Your BRM Superpower

OpinionPosted | Category: BRMConnect | Contributed

Right out of the gate, day two of BRMConnect is looking just as promising as day one! Darrel Popowich, from Online Business Systems, broke down the power behind evaluating relationships in his general session titled “Your BRM Superpower.”

With his ability to engage the crowd and impress us with his graphics, Popowich not only spoke about the four common characteristics in relationships, but he also discussed the two different decision-making systems we have within our brains and the connection those systems have to the four distinct types of personality traits we possess as humans. He says it’s predicting success by evaluating relationships.

Break It Down

This is how he broke it down. But first, he pointed out that in the past, many people would choose to do a stakeholder’s analysis and look at the things that would make them successful. They would look at customers, employees, suppliers, and community, but Popowich chose to look at owners.


The owners are the ones who drive the outcome. The owners are the ones pushing if they are going to commit and collectively get something done, and if they are going to accomplish the outcome. This is where he chose to focus because there are so many people who say, “We did a stakeholder’s analysis, and we still have a poor outcome and result.”

People’s Relationships

As Popowich claimed, you are looking at the wrong thing; you should be looking at people. This is your stakeholder’s/partner’s analysis: instead of looking at each part—community, government, customers—let’s take a look at the owners. It’s not the owners themselves, it’s about evaluating the relationships between them, how strong they are from people to finance, from the finance leader to the procurement leader, from the IT leader to the CEO, to the CFO to the COO, all of these relationships. If we measure those, we can get a better indicator on whether your results are going to be successful or not. There are four common characteristics in relationships that stood out in all the data.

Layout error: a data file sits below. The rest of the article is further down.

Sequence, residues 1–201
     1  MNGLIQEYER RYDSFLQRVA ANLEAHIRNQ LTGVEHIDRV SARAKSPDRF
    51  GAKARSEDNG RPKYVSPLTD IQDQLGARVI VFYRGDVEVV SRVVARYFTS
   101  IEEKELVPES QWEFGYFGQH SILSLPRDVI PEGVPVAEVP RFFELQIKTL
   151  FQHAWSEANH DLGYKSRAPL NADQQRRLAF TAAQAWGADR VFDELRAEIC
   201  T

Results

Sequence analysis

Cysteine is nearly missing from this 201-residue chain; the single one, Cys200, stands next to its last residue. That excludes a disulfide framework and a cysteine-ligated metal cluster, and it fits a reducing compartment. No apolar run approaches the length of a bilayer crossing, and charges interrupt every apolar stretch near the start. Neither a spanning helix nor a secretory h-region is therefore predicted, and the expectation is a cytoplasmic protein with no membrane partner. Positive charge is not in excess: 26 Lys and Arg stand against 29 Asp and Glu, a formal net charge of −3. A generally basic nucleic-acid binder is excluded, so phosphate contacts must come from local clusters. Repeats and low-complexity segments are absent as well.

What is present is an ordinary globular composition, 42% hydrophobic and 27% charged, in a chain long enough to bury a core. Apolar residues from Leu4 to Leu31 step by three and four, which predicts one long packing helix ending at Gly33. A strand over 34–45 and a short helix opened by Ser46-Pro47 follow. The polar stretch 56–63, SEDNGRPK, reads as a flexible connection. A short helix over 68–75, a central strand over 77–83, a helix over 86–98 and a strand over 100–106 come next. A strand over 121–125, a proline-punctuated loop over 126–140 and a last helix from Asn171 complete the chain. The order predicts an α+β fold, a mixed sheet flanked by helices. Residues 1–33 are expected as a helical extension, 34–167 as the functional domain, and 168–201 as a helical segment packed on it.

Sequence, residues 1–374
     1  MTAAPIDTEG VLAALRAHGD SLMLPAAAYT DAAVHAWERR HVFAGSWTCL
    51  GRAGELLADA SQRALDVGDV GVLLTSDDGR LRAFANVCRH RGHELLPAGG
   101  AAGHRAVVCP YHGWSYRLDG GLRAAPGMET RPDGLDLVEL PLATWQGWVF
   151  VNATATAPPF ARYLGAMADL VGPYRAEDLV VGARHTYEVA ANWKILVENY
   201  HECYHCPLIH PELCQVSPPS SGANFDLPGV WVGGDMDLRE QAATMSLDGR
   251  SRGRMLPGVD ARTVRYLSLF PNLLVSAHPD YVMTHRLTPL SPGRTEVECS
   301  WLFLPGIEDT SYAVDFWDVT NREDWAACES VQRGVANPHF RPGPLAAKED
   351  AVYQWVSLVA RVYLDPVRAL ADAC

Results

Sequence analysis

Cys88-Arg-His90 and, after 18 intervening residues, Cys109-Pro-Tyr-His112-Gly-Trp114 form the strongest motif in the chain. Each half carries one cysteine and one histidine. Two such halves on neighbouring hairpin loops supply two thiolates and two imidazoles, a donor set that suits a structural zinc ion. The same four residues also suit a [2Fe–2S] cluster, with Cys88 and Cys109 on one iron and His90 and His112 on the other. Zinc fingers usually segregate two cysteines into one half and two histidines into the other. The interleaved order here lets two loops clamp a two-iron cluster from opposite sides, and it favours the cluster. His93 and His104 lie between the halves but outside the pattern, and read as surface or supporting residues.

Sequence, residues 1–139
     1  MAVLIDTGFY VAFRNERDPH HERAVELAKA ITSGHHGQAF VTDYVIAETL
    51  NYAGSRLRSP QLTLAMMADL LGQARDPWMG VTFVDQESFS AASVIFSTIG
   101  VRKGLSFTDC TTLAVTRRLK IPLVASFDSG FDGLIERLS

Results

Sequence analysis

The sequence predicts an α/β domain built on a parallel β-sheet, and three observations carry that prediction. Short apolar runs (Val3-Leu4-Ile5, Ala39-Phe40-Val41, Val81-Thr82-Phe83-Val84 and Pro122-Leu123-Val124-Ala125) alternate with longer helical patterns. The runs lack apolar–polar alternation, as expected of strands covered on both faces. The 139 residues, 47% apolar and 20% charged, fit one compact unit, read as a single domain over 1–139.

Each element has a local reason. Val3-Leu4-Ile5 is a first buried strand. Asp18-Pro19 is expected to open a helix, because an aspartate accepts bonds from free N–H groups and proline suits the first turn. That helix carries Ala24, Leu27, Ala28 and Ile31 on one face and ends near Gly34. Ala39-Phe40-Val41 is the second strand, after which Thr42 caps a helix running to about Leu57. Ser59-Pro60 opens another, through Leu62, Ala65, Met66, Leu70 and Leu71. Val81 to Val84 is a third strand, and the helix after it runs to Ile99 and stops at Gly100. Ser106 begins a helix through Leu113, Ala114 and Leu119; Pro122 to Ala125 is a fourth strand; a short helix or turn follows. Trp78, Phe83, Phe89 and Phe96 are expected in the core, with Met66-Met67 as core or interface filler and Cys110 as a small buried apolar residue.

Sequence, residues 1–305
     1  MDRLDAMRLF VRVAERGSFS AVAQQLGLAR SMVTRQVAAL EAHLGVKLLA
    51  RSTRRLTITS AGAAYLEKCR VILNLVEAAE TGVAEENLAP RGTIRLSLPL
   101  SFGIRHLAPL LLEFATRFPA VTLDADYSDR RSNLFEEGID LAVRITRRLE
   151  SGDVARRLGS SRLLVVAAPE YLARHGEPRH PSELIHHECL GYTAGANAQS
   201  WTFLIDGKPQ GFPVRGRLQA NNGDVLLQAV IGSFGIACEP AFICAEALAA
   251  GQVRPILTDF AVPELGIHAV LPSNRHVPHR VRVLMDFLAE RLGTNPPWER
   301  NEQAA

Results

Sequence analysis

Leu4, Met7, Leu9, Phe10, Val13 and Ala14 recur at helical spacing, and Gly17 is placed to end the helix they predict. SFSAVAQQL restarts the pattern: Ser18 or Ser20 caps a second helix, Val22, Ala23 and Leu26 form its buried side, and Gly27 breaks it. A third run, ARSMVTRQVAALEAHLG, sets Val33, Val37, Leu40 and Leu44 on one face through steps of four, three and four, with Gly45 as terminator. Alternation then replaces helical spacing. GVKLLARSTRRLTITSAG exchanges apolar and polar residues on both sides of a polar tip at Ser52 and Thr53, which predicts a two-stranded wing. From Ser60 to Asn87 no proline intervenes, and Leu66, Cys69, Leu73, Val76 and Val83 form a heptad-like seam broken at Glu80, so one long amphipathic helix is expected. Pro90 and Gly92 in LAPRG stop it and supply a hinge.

4 Common Characteristics in Relationships


Am I going to be supported?


    Can they do their jobs?



      Are you committed to supporting each other through thick and thin?



          Do they say what’s on their mind?

            How does the human mind make decisions? Well first, he said we have to understand the two different decision-making parts of our brains. According to Daniel Kahneman, there are two systems of decision making that humans have and utilize.

            2 Systems of Decision Making

            If the two systems don’t mesh well, there will be a lot of work to change the decision and the behavior to get both the autonomic and analytical brains to match up. But everyone is not the same. Not everyone’s makeup of how their first impression, how their logical decision making, the process, the speed of which they go through, is the same. There are many different behavior types and many different ways to measure them. Popowich uses the DISC Personality Assessment Tool.

            1. Autonomic/quick/intuitive
              1. Sensory cortex & basal gangela
                1. Intuitive, quick, millisecond
                2. Fight or flight
                3. Insta-love/hate
            1. Analytical/executive function/thought process/math
              1. Hippocampus
                1. Memory storage & recollection
                2. Information gathering
                3. Analytical decision


            The DISC Personality Assessment Tool measures how people have their natural behavioral responses to situations and to other people. DISC is divided into four personality types: dominant, influential, steady, and compliant, hence the acronym DISC. 

            DISC is presented in a circle. On the top left, you see Dominant, and on the top right is Influential. The bottom right is Steady, and the bottom left is Compliant.


            Drive. Competitive. Doer.